3. Understand the quality and purpose of the assessments being used in their school – including details of their reliability and validity in relation to the curriculum.
  4. Review approaches reporting and parental engagement, to inform parents of their child’s performance and behaviour at school in a way that is manageable for teachers, and consider how best to set out expectations to parents.
  5. Use the data principles set out above to decide what the planned intervention for students is, and to minimise the data burden involved in ensuring the students are correctly identified.

School and trust leaders should not:

  1. Have more than two or three attainment data collection points a year.
  2. These should be used to inform clear actions.
  3. Make pay progression for teachers dependent on quantitative assessment metrics, such as test outcomes.

Has your school addressed these issues? If so, how far have you moved on from 2016?

Ideas

I’m not suggesting any of the following below will work or are perfect solutions, but here are some of ideas worth considering:

  1. Do all ‘data collection windows’ involve having a conversation with the teacher or team leader?
  2. Do key examination year groups have data collected more than three times per academic year?
  3. Is that data easy to understand for teachers, parents and pupils?
  4. Is there demonstrable evidence to suggest that your data collection adds value?
  5. What if all school leaders had ‘a conversation with the teacher’ when looking at class data, rather than making judgements in isolation? What if, when any observer looked inside a pupil’s exercise book, they only did so with a) the teacher present for context and b) the pupil for understanding?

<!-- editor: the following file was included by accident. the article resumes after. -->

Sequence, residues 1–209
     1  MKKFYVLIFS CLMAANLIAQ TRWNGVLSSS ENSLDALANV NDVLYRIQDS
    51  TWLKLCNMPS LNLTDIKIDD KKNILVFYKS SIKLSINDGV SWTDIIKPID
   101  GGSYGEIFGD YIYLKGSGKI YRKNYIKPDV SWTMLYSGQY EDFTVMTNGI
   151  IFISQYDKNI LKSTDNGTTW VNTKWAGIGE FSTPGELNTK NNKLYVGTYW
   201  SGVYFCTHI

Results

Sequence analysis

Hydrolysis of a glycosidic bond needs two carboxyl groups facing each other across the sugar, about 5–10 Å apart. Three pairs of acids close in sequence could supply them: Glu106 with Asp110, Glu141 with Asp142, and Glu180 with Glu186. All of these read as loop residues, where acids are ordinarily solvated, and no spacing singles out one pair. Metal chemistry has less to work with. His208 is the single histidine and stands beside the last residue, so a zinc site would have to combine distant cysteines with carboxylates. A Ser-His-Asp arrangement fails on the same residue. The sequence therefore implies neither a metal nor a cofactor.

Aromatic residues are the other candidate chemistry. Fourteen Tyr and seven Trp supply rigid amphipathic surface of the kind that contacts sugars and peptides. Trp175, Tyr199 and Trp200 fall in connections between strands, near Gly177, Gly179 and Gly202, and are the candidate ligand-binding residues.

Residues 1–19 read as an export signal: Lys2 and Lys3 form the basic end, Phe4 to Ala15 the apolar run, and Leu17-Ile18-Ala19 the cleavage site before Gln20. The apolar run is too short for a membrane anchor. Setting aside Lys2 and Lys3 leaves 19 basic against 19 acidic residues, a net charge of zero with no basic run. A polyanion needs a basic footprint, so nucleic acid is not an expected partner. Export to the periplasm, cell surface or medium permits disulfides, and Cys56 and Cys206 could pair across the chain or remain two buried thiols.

And finally, in the report it was recommened that the DfE should amend performance management guidance to clarify that objectives and performance management discussions should not be based on teacher generated data and predictions, or solely on the assessment data for a single group of pupils. Today, I suspect this is still a massive issue for many teachers …

You can download the full PDF report here.

@TeacherToolkit

In 2010, Ross Morrison McGill founded @TeacherToolkit from a simple Twitter account in which he rapidly became the 'most followed teacher on social media in the UK'. In 2015, he was nominated for '500 Most Influential People in Britain' in The Sunday Times as one of the most influential in the field of education - he remains the only classroom teacher to feature to this day ... Sharing online as @TeacherToolkit, he rebuilt this website (c2008) into what you are now reading, as one of the 'most influential blogs on education in the UK', winning the number one spot at the UK Blog Awards (2018). Today, he is currently a PGCE tutor and is researching 'social media and its influence on education policy' for his EdD at Cambridge University. In 1993, he started teaching and is an experienced school leader working in some of the toughest schools in London. He is also a former Teaching Awards winner for 'Teacher of the Year in a Secondary School, London' (2004) and has written several books on teaching (2013-2018). Read more...